Biopsy — when either flexible sigmoidoscopy or colonoscopy are performed, a small sample of tissue (a biopsy) may be removed from the lining of the intestine and examined under a microscope for signs of inflammation. The biopsy is most helpful to confirm Crohn's disease and to exclude other conditions.

Expected Duration

Crohn's disease is a lifelong condition, but it is not continuously active so there can be long breaks in symptoms. Following a flare-up, symptoms can stay for weeks or months. Often these flare-ups are separated by months or years of good health with no symptoms.


There is no known way to prevent Crohn's disease but you can help the condition take less of a toll on your body by maintaining a well-balanced, nutritious diet. By storing up vitamins and nutrients even between episodes, you can decrease complications from malnutrition, such as weight loss or anemia. Your doctor also will monitor your blood tests for complications of poor nutrient absorption.

Crohn's disease can cause a higher risk of colon cancer, particularly if it affects a large portion of the colon or rectum. It is important to have the colon checked regularly for early signs of cancer or for changes that can precede a new cancer. If you have had Crohn's disease affecting the colon or rectum for eight years or more, it is time for you to start getting regular testing to screen for cancer. One good strategy is to have a colonoscopy exam every one to two years once you start regular testing.


Medications are very effective for improving the symptoms of Crohn's disease. Most of the medications that are used work by preventing inflammation in the intestines.

The medication that is commonly tried first is a group of anti-inflammatory drugs called aminosalicylates. These drugs are related chemically to aspirin, and they suppress inflammation in the intestine and in joints. They are given either by mouth (pills) or by rectum, as an enema. Some drugs in this group include sulfasalazine (Azulfidine), mesalamine (Asacol, Pentasa, Canasa, Rowasa) and olsalazine (Dipentum).

Certain antibiotic drugs, particularly metronidazole (Flagyl) and ciprofloxacin (Cipro), help by decreasing the bacterial growth in irritated areas of the bowel and may have a side benefit of decreasing inflammation. If symptoms are controlled only partially and infection has been excluded, antidiarrheal medications, such as loperamide (Lomotil) may be helpful.

Another approach is "bowel rest" in which limited or no nutrition is taken in by mouth and all nutritional needs are met by intravenous (IV) therapy or special oral formulas. However, this may not be well tolerated, and the intravenous line can become infected or form blood clots.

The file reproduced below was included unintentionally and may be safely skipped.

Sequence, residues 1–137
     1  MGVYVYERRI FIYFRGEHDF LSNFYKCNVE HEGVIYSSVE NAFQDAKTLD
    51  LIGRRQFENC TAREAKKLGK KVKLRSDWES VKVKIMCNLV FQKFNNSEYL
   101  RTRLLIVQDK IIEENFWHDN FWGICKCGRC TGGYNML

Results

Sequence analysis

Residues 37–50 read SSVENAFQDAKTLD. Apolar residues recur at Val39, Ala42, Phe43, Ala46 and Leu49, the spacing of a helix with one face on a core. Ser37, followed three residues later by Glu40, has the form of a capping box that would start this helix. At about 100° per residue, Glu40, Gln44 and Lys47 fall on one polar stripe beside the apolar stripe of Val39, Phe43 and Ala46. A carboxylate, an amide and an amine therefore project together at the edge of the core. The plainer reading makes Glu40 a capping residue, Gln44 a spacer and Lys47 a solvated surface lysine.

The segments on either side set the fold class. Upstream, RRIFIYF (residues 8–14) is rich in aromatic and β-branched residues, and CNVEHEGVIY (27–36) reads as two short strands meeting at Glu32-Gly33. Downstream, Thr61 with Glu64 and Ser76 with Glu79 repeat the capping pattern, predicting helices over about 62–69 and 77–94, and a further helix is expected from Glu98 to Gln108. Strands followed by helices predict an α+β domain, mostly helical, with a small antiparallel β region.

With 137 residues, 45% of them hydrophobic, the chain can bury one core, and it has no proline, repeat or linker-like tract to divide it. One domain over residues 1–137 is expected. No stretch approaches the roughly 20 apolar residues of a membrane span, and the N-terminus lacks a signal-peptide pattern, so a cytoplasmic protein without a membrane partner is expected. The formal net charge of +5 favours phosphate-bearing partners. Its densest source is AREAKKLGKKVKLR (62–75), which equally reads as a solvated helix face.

Other more powerful anti-inflammatory drugs may be helpful, but they have a side effect of suppressing your immune system so that you have an increased risk of infections. For this reason, they are less often used on a long-term basis. These drugs include prednisone (Deltasone, Prednisolone, Orasone) and methylprednisolone (Medrol, Solu-Medrol), budesonide (Entocort), azathioprine (Imuran), 6-mercaptopurine (Purinethol), cyclosporine (Neoral, Sandimmune) and methotrexate (Rheumatrex, Folex).

A new drug, infliximab (Remicade) has been used in recent years for severe Crohn's disease, particularly when a fistula has formed and does not respond to other treatment. This medication blocks the effect of tumor necrosis factor, a chemical that may be responsible for causing inflammation in the intestine. In general, surgery to remove a section of the bowel is recommended only if a person has bowel obstruction, persistent symptoms despite medical therapy, or a non-healing fistula. Up to 50 percent of people who have Crohn's disease will end up having at least one operation during the course of their disease.


Crohn's disease can affect people very differently. Many people have only mild symptoms and do not require continuous treatment with medication. Others require multiple medications and develop complications. Crohn's disease improves with treatment and is not a fatal illness, but it cannot be cured. Crohn's requires people to pay special attention to their health needs and to seek frequent medical care, but it does not prevent most people from having normal jobs and productive family lives. As is the case for any chronic illness, it can be helpful for a newly diagnosed person to seek advice from a support group of other people with the disease.

Additional Info

Crohn's and Colitis Foundation of America
386 Park Ave. South
17th Floor
New York, NY 10016
Toll-Free: (800) 932-2423
Fax: (212) 779-4098

Website:        http://www.ccfa.org                    The preceding link takes you off this site; to return, click the Back Button in your browser.

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Crohn’s Disease